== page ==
Projecting the fuel efficiency of conventional vehicles: the role of regulations, gasoline taxes and autonomous technical change

Authors: Ioannis Tikoudis, Rose Mba Mebiame and Walid Oueslati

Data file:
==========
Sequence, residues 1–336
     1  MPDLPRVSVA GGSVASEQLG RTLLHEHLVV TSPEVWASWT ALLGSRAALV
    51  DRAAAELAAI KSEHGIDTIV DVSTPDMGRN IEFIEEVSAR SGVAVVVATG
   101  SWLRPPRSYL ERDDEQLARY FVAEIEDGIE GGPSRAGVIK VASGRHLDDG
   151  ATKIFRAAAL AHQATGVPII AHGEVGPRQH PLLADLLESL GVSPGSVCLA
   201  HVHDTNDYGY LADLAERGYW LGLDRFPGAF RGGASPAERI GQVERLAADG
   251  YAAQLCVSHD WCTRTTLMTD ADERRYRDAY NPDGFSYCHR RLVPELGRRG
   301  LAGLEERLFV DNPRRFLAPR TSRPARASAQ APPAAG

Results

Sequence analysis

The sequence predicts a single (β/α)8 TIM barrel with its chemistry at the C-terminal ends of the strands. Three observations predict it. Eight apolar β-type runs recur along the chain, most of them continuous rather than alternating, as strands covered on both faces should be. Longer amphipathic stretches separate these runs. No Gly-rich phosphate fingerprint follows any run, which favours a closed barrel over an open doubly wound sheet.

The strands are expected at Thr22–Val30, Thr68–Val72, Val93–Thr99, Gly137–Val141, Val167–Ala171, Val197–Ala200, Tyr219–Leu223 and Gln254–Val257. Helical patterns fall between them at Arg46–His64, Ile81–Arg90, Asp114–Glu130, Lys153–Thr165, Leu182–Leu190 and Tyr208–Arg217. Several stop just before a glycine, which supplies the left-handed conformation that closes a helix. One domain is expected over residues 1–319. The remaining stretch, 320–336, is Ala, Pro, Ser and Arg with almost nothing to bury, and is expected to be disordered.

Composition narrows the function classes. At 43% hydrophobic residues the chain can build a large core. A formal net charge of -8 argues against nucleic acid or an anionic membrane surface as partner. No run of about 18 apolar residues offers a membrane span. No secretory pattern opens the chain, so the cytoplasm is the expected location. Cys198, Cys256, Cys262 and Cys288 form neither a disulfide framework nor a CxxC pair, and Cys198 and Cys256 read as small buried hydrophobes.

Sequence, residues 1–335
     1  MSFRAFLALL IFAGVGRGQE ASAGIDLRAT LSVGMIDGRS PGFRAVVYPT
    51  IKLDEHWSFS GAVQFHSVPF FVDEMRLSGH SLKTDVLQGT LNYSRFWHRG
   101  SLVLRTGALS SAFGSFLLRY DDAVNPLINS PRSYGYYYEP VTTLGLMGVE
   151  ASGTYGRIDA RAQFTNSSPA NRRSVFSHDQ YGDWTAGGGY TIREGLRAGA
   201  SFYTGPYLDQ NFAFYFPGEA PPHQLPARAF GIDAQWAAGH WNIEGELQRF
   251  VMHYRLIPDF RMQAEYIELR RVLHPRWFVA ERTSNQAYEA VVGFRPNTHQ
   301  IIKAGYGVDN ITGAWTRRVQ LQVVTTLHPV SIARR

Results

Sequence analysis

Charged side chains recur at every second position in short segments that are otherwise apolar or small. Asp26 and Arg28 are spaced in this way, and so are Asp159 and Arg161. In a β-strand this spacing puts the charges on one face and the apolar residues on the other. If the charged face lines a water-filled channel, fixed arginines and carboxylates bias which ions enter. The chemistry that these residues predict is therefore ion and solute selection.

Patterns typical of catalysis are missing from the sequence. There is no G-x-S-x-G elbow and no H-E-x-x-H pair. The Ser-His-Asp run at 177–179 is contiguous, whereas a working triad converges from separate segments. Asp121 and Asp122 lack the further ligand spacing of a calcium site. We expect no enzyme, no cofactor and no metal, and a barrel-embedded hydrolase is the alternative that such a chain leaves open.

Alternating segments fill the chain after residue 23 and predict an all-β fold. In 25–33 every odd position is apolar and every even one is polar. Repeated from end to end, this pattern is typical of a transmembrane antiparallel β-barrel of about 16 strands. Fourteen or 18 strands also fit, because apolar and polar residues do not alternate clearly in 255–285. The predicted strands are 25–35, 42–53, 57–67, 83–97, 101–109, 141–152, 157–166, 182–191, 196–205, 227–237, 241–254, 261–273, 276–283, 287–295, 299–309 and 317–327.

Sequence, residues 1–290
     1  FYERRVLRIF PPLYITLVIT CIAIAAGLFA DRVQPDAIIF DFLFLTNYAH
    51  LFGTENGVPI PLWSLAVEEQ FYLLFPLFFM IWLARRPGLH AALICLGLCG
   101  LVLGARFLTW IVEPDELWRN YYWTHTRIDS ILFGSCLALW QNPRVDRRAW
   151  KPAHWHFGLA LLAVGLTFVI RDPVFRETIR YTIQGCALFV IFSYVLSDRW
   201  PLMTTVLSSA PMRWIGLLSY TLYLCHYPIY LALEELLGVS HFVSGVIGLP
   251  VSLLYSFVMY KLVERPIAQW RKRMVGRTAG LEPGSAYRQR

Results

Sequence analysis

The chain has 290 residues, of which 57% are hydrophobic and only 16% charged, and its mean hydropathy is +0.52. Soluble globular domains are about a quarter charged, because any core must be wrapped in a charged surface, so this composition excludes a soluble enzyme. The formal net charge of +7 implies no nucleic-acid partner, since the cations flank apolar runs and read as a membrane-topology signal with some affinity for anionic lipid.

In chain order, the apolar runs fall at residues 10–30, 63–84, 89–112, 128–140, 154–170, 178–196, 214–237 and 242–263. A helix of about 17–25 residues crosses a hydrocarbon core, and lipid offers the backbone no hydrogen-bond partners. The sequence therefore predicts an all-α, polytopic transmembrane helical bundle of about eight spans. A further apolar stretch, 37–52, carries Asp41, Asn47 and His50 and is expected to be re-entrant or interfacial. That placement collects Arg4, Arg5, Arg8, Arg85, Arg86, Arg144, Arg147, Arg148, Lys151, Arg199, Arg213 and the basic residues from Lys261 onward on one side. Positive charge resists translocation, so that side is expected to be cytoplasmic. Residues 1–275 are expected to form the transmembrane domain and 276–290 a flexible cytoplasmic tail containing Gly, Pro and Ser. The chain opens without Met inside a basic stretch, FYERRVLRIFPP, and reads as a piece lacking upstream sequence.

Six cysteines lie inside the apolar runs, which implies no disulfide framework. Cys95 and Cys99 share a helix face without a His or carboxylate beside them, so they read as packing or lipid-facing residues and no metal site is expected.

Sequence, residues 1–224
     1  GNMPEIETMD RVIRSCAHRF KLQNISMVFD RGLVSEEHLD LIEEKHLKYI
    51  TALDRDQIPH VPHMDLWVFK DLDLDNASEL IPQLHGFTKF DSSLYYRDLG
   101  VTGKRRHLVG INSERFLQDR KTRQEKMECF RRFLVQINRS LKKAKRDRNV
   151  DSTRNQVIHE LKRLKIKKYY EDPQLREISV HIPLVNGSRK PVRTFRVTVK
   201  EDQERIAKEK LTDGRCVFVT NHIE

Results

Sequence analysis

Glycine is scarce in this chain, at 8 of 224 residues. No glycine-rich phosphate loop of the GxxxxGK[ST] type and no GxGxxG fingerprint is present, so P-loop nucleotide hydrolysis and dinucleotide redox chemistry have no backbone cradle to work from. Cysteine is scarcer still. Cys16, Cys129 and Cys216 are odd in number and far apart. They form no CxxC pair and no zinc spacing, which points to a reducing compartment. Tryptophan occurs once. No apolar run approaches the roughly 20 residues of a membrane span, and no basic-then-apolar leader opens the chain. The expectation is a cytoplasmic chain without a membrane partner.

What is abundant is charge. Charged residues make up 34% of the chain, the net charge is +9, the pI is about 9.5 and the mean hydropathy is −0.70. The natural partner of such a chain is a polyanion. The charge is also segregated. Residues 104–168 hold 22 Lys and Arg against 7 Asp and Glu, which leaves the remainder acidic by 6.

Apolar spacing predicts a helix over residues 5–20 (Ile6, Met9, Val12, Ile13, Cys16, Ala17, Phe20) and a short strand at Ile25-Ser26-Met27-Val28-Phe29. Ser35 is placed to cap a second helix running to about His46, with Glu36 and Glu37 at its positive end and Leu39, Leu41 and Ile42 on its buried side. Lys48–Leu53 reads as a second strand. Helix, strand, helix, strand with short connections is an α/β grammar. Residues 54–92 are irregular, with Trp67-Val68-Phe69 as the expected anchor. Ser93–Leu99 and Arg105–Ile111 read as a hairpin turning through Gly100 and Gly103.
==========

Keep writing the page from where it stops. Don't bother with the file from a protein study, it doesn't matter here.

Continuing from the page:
The fuel efficiency of conventional private vehicles is a key input in the design of several economic and environmental policies. Reliable projections of the fuel efficiency variable can improve estimates on the future emission savings from policies promoting vehicle replacement, and on future revenues from fuel taxes. This paper examines the evolution of fuel efficiency using data on cars entering the US market from 1984 to 2020. It uses a series of new indexes for the gasoline cost in OECD countries and the stringency of fuel economy regulations. The paper shows that the effect of fuel prices and taxes is significant and robust. Doubling the user cost of gasoline with a stringent carbon tax will cause an irreversible increase in fuel efficiency by 6-11%. Increasing the stringency of the US CAFE standards by 10% raises average fuel efficiency by 2-3%. The impact of cross-market regulations is ambiguous.

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